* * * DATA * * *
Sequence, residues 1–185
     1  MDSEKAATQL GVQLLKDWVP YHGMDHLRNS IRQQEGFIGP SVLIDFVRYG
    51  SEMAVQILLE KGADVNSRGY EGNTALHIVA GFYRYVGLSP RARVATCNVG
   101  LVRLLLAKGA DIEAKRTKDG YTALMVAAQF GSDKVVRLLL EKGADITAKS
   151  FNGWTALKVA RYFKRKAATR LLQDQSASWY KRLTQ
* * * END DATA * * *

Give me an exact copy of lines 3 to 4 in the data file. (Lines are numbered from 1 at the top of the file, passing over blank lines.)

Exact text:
    51  SEMAVQILLE KGADVNSRGY EGNTALHIVA GFYRYVGLSP RARVATCNVG
   101  LVRLLLAKGA DIEAKRTKDG YTALMVAAQF GSDKVVRLLL EKGADITAKS